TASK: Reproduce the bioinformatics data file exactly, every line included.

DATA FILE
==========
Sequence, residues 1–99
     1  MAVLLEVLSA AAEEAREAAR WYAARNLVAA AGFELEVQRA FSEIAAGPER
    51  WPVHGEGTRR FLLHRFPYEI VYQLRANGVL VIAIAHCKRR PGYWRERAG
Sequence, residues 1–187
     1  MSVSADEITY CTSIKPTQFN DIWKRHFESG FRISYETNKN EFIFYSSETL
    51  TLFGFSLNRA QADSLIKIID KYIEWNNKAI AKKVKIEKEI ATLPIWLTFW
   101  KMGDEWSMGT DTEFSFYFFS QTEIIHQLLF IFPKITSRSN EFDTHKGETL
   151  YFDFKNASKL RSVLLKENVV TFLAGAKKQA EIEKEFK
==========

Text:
Sequence, residues 1–99
     1  MAVLLEVLSA AAEEAREAAR WYAARNLVAA AGFELEVQRA FSEIAAGPER
    51  WPVHGEGTRR FLLHRFPYEI VYQLRANGVL VIAIAHCKRR PGYWRERAG
Sequence, residues 1–187
     1  MSVSADEITY CTSIKPTQFN DIWKRHFESG FRISYETNKN EFIFYSSETL
    51  TLFGFSLNRA QADSLIKIID KYIEWNNKAI AKKVKIEKEI ATLPIWLTFW
   101  KMGDEWSMGT DTEFSFYFFS QTEIIHQLLF IFPKITSRSN EFDTHKGETL
   151  YFDFKNASKL RSVLLKENVV TFLAGAKKQA EIEKEFK